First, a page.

Head north from Humboldt County and, after about two hours, you're now pretty much able to spark up all the way to the North Pole.
Voters chose on Nov. 4 to legalize marijuana in Oregon, Alaska and the District of Columbia, joining Colorado and Washington in the inevitable swing toward decriminalization.
In Oregon and Alaska, ganja lovers will be allowed to grow, possess and purchase pot under regulatory framework similar to that in Washington and Colorado, which collect taxes on the sale of marijuana, though retail shops in Oregon will not be allowed for a couple years until a permitting process is in place.
By some predictions, Oregon's marijuana will be significantly cheaper than Washington's because of the Beaver State's already burgeoning medical marijuana industry and significantly lower taxes.
Alaska — like Washington — had no dispensary framework, so legalization there will be a bit more complicated as entrepreneurs, municipalities and users seek to establish an industry from scratch.
In Washington, D.C., people will be allowed to possess up to 2 ounces of pot, but retail sales will remain illegal. That could be interesting in a city where the nation's now-Republican-held Congress and Senate work, though Ethan Nadelmann, executive director of the Drug Policy Alliance, called the national marijuana victories "extraordinary" in a Los Angeles Times article.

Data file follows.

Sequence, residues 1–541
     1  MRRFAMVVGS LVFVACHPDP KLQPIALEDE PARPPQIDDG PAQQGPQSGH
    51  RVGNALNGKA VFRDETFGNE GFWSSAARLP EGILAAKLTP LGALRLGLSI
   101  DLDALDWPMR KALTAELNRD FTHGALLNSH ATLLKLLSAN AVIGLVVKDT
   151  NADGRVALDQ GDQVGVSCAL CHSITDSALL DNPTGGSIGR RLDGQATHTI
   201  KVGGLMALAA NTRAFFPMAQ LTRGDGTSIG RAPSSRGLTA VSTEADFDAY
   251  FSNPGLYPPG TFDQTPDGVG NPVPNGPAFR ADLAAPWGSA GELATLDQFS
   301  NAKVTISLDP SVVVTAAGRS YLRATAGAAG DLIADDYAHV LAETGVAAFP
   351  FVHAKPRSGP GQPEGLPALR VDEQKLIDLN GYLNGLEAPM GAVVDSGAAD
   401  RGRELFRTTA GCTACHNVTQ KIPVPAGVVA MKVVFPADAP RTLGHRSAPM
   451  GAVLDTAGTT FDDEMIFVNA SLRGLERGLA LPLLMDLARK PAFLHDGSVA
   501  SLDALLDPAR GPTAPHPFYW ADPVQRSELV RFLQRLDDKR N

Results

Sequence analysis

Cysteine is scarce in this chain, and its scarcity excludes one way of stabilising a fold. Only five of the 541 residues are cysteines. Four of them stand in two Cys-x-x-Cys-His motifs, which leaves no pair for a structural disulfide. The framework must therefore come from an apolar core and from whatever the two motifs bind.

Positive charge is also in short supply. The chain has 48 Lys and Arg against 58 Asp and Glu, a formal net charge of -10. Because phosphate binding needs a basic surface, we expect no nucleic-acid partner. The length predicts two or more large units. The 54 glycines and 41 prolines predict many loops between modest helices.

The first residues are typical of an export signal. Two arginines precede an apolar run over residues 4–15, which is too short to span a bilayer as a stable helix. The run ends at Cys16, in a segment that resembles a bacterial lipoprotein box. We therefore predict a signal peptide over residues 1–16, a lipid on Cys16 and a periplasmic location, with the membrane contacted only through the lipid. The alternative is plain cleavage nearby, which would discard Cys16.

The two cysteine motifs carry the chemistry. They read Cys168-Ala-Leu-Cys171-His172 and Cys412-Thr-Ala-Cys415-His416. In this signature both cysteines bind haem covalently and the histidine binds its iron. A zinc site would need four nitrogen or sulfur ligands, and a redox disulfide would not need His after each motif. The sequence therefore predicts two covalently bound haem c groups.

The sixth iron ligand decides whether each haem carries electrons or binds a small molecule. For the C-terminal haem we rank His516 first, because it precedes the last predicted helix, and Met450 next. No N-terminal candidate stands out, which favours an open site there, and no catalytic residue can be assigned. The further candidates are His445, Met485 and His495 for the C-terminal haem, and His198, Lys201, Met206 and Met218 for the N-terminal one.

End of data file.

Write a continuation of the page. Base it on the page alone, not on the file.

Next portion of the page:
"Reform of marijuana and criminal justice policies is no longer just a liberal cause but a conservative and bipartisan one as well," Adelman said. "On these issues at least, the nation is at last coming to its senses."
Florida, one of the last bastions of common sense, voted against medical marijuana, though constitutional measures there require 60 percent approval in the state.
Meanwhile, the San Francisco Chronicle reports that momentum is growing to legalize marijuana in California with a measure on the 2016 ballot. The aim is to align the measure with the presidential election, which proponents expect to "deliver younger voters to the polls who tend to be more supportive of pot." Counting on the youth vote — what could go wrong?
If there is budding support in the golden state, it flies in the face of the national trend, according to a recent Gallup poll. According to a report in the Huffington Post, the poll found legalization support has vaporized over the past year, with the number of Americans supporting it dropping from 58 percent down to 51 percent. But national legalization proponents appear undaunted. "I would take passage of laws in two states and our nation's capitol over some jumpy poll's results any day," Marijuana Policy Project Communications Director Mason Tvert told the Post. "If Gallup finds 49 percent support in 2016 after five more states vote to end marijuana prohibition, I could live with that."
If Tvert's quote left marijuana smokers feeling high and mighty, a recent report in the journal of the Proceedings of the National Academy of Sciences might harsh their vibe a bit. As reported in the New York Times, the study found that "chronic" pot smokers (those who toke up at least four times a week) have, on average, less gray matter in their orbital frontal cortex, "a region that is a key node in the brain's reward, motivation, decision-making and addictive behaviors network." Interestingly, however, the study found that region of pot smokers' brains to be better connected than those of non-users, which the study hypothesizes might be the brain's way of compensating for its "under-performing" gray matter. The study — which compared 48 users with 62 non-using control subjects — also noted that the average IQ of the pot smokers was "significantly lower" than that of non-users. That tidbit was "not a finding of the study, but an incidental factor that might be indirectly linked to marijuana use." We're not positive — cough, cough — but it sure sounds like the researchers just called pot smokers dumb.